Albany, N.Y., September 11—The New York State Senate gave final legislative approval today to legislation, supported by state Senator George Winner (R-C-I, Elmira), to create a “Volunteer Emergency Services Recruitment and Retention Fund” by allowing taxpayers to voluntarily contribute to the fund’s establishment through a state income tax check-off.
Supporters of the measure said that programs like this one to allow taxpayers to voluntarily “check off” a contribution to state programs on a state personal income tax form have grown in popularity across the nation over the last decade. New York currently has a check-off program to support wildlife conservation, child abuse prevention, and breast cancer research and treatment, among others.
The new fund (S.4982/A.2733), which was approved by the Assembly earlier this year, would provide grants to volunteer emergency services organizations to support their recruitment and retention initiatives. It must be approved by Governor David Paterson before becoming law.
Winner, who has long supported and sponsored legislation to help localities fend off potentially enormous future local property tax increases by offering incentives to recruit and retain volunteer firefighters and other emergency services personnel, said that the new fund could prove to be a worthwhile addition to the overall effort to bolster the ranks of emergency services volunteers statewide.
“We need to consider any and every possible way to address this challenge,” said Winner. “The issue of volunteer recruitment and retention warns of the next explosive property tax crisis facing localities across New York. We need to keep sounding the alarm, and we need to keep looking for answers. It would cost billions of dollars for local property taxpayers to pay for the critical services currently provided by volunteer firefighters and EMTs.”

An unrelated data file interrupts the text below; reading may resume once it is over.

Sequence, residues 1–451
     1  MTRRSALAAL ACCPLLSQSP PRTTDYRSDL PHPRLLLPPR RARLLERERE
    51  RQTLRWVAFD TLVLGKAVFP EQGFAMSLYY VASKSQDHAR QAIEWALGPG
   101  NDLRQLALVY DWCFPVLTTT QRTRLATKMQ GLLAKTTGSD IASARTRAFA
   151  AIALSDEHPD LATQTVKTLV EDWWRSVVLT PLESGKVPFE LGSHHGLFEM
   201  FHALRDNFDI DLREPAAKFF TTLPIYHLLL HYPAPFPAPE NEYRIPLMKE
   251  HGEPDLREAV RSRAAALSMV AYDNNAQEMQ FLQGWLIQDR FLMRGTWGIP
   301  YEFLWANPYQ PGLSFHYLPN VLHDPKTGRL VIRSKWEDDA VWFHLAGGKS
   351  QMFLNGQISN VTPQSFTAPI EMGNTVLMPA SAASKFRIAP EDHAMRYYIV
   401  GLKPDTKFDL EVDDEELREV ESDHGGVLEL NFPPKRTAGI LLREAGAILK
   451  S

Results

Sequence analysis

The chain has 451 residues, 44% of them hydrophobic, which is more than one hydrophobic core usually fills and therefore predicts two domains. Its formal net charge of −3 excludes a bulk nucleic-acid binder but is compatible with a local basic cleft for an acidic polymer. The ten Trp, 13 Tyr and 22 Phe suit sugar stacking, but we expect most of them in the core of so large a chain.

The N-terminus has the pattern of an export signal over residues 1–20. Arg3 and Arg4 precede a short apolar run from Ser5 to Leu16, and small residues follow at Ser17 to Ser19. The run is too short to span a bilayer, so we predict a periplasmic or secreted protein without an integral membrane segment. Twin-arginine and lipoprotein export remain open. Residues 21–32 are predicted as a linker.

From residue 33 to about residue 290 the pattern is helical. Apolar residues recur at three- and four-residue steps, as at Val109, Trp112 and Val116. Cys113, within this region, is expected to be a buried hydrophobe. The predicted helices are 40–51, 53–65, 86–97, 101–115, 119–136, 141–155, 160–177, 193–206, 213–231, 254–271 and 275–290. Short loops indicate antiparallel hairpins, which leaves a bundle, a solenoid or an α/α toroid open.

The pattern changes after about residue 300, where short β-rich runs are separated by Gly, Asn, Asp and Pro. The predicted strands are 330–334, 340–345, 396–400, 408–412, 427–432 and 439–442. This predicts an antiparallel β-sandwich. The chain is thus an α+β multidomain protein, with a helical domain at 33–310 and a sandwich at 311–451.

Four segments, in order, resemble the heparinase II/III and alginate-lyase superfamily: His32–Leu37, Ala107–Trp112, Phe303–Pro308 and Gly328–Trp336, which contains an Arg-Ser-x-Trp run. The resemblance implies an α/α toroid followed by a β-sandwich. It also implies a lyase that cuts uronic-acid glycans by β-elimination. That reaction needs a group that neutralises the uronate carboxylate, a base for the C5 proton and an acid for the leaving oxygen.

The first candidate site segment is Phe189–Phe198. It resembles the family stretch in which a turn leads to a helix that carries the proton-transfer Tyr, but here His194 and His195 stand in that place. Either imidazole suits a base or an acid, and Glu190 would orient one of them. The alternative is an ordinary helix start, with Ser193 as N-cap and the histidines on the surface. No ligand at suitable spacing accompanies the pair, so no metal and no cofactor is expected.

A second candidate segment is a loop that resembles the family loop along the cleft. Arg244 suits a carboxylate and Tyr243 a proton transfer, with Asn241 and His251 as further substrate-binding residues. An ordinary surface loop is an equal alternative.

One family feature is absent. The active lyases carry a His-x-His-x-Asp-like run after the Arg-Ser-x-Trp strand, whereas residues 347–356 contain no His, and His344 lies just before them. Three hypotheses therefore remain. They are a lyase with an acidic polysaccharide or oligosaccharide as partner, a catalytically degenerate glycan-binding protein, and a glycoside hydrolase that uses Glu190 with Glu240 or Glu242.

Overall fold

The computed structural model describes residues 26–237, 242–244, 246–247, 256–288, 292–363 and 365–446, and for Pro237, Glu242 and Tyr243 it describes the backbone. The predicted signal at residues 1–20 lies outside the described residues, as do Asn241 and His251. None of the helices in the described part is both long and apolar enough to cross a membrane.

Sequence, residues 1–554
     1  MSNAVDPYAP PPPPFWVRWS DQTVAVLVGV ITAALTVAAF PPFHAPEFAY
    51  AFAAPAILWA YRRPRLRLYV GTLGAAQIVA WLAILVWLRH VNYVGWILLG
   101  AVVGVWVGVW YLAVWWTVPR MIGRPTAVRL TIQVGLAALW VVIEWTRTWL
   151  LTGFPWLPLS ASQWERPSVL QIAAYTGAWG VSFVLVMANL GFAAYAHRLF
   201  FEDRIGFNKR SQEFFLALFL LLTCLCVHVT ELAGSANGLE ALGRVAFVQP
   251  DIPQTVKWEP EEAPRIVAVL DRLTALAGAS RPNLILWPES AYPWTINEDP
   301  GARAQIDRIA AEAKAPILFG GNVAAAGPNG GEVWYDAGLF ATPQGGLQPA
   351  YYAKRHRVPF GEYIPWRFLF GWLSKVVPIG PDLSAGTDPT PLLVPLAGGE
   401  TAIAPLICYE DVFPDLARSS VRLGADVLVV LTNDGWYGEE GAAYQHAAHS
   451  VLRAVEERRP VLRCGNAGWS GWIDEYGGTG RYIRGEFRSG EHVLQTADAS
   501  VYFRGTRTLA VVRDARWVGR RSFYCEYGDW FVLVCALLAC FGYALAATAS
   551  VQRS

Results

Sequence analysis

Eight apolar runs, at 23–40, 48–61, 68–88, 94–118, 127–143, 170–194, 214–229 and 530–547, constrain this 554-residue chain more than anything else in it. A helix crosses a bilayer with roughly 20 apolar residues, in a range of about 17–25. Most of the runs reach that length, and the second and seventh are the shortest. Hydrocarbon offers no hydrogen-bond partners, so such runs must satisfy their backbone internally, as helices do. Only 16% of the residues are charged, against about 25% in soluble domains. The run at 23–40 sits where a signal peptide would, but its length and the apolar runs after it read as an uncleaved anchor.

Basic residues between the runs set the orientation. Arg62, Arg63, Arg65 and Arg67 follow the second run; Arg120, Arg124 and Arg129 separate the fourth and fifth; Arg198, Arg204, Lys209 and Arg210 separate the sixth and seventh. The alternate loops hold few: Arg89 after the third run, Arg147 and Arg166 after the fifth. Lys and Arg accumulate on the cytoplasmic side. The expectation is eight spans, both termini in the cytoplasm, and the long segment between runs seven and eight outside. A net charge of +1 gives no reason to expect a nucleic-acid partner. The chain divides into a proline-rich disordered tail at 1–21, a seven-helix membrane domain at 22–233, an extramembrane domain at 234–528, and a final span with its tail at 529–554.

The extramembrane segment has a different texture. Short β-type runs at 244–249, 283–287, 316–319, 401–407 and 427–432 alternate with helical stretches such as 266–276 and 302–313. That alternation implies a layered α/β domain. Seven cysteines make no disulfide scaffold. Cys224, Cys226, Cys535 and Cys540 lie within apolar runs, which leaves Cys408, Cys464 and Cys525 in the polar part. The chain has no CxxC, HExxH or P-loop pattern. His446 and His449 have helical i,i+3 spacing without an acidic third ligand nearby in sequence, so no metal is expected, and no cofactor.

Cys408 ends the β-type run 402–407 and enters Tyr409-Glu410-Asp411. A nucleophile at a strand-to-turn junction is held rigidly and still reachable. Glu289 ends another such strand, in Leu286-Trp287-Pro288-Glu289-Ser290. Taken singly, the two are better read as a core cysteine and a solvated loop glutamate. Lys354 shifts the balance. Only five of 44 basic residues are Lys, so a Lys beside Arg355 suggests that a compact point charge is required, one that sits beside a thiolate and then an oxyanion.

The Firemen’s Association of the State of New York (FASNY) estimates that it would cost local taxpayers more than $5 billion annually to replace volunteers with paid fire and ambulance services. According to FASNY, the number of volunteer firefighters statewide has declined from 140,000 in the early 1990s to fewer than 90,000 today. Volunteer emergency medical technicians (EMTs) experienced a decline from more than 50,000 to 35,000 during the same period, with some rural counties experiencing as much as a 50-percent depletion of their EMT ranks.
Winner and state Assemblyman Tom O’Mara (R-Horseheads) said that they will continue to introduce and sponsor legislation known as the “Emergency Services Volunteer Incentive Act.” The Winner-O’Mara legislation (S.3983/A.7678) would:
-- provide a $400 state income tax credit for volunteer firefighters and ambulance workers who have been active for four or more consecutive years;
-- exempt motor vehicles owned and used in the performance of duty by an emergency services volunteer from motor vehicle registration fees and vehicle use taxes;
-- authorize local volunteer fire and ambulance companies to use state-administered funds, collected annually through a two-percent fire insurance premium tax on out-of-state insurers, to help offset the cost of health insurance for their members;
-- increase the number of qualified candidates, from one to three, that volunteer companies can submit for participation in New York’s “Volunteer Recruitment Service Scholarships” program, a college tuition assistance program for volunteers created by state lawmakers in 2002; and
-- direct the state Higher Education Services Corporation (HESC) to create a volunteer recruitment service college loan forgiveness program.